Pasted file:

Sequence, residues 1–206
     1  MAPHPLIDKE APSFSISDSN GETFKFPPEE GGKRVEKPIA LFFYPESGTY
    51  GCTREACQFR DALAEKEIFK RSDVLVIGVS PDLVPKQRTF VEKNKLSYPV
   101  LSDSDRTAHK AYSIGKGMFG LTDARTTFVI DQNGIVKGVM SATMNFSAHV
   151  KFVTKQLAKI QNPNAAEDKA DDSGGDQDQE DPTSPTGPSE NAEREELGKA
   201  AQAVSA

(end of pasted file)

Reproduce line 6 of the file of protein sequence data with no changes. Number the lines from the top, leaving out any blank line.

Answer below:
   201  AQAVSA